Chris Colfer played a gay teen in “Glee” but was warned coming out would “ruin” his career

Chris Colfer played a gay teen in “Glee” but was warned coming out would “ruin” his career
Glee star Chris Colfer Photo: Screenshot The View

Out gay Glee star Chris Colfer wasn’t always so open.

In fact, the 34-year-old’s popular onscreen character from the show, Kurt Hummel, was out before Colfer was.

The actor shared that news and more with the ladies of The View on Tuesday in an appearance promoting the latest installment of his best-selling book series, The Land of Stories.

“I grew up in a very conservative town where being openly gay was dangerous,” Colfer told co-host Whoopi Goldberg and her fellow co-hostesses. “I remember when I got on Glee, the role was written for me, and I didn’t know what the role was gonna be, and so I opened the script and when I read the script for the first time was when I saw that it was an openly gay character, and I was terrified.”

While Colfer, then barely 18, was wrestling with his own sexuality, Kurt was too. The character of Kurt struggled with coming out to close friends and loved ones during the first season of the show, which aired from 2009 to 2015. The character also dealt with his crush on high school quarterback and fellow glee club member Finn Hudson (played by Cory Monteith).

But Colfer was advised to keep his own sexuality a secret. 

“When I started filming the show, I had a lot of people tell me, ‘Do not come out whatever you do because it will ruin your career.’ So I hid for a little bit,” he said. “But I also told them, ‘I can’t hide it with my voice… I’m more effeminate than most people. I can’t hide it.’ And they said, ‘Don’t worry. As long as you never address it, you’ll be rewarded for it in the end.’”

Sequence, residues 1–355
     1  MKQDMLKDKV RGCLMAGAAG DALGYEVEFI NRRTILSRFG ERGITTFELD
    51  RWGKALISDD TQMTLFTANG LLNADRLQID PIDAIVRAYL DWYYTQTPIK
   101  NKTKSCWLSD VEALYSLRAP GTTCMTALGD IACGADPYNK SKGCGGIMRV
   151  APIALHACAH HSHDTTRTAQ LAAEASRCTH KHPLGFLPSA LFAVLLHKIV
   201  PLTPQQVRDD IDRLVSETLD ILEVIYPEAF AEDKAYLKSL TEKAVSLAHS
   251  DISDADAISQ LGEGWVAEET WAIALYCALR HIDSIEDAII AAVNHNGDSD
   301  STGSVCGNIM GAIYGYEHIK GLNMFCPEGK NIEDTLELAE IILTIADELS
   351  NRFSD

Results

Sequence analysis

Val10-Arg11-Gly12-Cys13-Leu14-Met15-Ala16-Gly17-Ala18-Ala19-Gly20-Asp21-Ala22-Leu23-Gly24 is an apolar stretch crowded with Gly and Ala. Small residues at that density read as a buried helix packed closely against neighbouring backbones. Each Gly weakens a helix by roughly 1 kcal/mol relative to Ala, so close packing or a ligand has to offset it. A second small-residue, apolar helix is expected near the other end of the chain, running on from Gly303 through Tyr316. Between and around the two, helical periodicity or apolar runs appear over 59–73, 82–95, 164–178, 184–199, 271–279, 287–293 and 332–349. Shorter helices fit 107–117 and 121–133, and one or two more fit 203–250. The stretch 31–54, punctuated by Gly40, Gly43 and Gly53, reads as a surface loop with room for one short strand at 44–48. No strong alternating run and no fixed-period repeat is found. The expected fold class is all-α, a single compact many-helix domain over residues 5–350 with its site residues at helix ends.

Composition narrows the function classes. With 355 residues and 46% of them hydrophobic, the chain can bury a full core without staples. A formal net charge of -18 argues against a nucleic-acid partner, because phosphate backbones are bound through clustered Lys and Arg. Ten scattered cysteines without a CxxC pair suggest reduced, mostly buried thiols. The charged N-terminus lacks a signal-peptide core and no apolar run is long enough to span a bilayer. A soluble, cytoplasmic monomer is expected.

Just before the show started airing, however, Colfer had an epiphany — with the help of a young fan.

“We went on this big poster signing tour right before the show came out, and this little boy secretly slid me an envelope when his parents weren’t looking and I opened it up and it was a little note that said, ‘Thank you,'” he recalled. “And there was a little paperclip chain that was the colors of the rainbow, and in that moment I knew I have to come out.”

“You were an inspiration,” chimed in The View‘s veteran co-hostess Joy Behar.

“At the time, I was thinking, ‘Okay, yeah, if I’m an openly gay actor, yeah, I may never win a major award. I may never get to play a superhero, or Supergirl,” Colfer confessed. “But I think being a beacon of positivity and providing that comfort for people is way more important than attention.”

Both Colfer and his character made an impression with the public and his peers. Colfer earned a 2011 Golden Globe for Best Supporting Actor in a Series, and won three consecutive People’s Choice Awards for Favorite Comedic TV Actor. He was also nominated twice for an Emmy for Outstanding Supporting Actor in a Comedy Series.

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